I just read an article in the New York Times about Dr. Vijay Vad, a sports medicine specialist from the Hospital for Special Surgery in New York City. He is a doctor who believes in the "power of the mind-body connection" and who sees yoga, exercise, and other alternatives as positives strategies for pain relief. This is truly good news! With Hanna Somatics I see firsthand how chronic muscle pain can be reversed when the client understands how the brain controls the muscles, and how one's emotional and psychological habits affect one's muscles. He said something, however, that I firmly disagree with: when asked whether or not one needs to be willing to "get worse in order to get rid of pain eventually?" he responded that yes, when it comes to exercises sometimes you have to be willing to deal with getting worse before you get better; that's called "pain desensitization." I don't exactly know what kind of exercises Dr. Vad is referring to, but I teach a method to relieve back pain, neck and shoulder pain and other chronic muscular dysfunctions in which there isn't any "pain desensitization."
The pain doesn't have to get worse before getting better.
Hanna Somatic Education teaches you to relax muscles that have become so tight that nothing you do relaxes them for the long term. It teaches you to use the sensory and motor tracks of your brain to reset and lengthen chronically tight muscles and move - from the inside out - more efficiently. It's a process of improving the functioning of those tight, painful muscles so that your exercise or yoga is more effective. You gain awareness, control and balance through gentle, easy movements that anyone can do. After doing Hanna Somatic Exercises, some people report soreness (because, after all, they're relaxing tight, "frozen" muscles and using them in a way they haven't in a long time), but rarely pain. If you're experiencing pain, then you're doing something wrong.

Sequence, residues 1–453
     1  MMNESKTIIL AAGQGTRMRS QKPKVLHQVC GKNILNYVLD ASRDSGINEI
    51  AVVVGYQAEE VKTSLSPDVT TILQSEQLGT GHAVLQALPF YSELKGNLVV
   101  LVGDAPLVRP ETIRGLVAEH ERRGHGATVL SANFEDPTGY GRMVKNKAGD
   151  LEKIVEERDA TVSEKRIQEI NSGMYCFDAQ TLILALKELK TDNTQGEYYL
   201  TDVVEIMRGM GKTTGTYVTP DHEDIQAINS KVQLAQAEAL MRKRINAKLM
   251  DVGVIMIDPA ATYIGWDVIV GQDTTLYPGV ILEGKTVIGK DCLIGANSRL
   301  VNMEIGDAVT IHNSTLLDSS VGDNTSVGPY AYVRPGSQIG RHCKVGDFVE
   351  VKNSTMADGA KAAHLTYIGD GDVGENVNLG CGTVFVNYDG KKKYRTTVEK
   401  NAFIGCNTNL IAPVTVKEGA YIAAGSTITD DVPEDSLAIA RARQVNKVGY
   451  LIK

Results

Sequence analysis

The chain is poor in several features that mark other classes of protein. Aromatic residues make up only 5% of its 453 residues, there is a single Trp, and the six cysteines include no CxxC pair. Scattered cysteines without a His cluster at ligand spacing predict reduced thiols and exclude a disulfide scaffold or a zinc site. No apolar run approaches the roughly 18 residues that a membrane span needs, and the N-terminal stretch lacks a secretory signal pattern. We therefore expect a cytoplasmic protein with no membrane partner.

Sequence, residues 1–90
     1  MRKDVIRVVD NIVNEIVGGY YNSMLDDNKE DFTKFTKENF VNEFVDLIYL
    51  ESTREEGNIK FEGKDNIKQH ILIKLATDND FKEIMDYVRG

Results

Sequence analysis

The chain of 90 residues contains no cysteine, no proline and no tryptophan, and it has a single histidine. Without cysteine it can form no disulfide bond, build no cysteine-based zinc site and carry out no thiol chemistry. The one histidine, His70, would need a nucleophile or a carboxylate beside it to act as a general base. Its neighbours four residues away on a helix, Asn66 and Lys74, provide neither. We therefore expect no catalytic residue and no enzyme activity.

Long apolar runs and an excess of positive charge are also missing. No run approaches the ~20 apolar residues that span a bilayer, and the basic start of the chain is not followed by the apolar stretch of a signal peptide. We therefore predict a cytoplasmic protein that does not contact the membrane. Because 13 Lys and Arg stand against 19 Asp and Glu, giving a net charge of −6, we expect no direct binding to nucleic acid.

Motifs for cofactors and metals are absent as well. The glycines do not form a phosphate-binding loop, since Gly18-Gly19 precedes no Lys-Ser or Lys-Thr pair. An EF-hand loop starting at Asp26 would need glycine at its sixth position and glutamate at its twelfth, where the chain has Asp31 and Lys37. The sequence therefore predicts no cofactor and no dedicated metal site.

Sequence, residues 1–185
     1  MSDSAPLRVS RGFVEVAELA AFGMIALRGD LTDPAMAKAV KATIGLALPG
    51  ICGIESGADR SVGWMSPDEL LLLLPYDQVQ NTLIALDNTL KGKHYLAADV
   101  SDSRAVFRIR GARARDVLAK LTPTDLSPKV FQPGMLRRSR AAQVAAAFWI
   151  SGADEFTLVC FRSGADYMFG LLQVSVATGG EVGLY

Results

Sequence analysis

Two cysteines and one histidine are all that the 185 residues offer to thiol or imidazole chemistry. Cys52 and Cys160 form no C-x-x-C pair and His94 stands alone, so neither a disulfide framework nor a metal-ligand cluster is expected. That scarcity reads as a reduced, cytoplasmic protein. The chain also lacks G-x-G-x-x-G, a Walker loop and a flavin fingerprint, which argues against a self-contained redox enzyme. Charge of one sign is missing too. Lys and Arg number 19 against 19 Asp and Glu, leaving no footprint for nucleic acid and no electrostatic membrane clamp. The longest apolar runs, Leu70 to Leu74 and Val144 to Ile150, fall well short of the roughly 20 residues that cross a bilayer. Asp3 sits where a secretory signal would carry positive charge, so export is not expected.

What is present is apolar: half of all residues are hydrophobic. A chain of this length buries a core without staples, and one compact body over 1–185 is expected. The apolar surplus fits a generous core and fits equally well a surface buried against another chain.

I have seen people relax tight back muscles in one hour of gentle movement and report relief that chiropractors, physical therapists, and massage therapists couldn't achieve. The best thing about it is that they were the ones improving their own bodies and muscular function. You improve muscle function, reverse chronic pain patterns and improve posture, all through a pain free series of gentle movements. Nothing painful or difficult about it.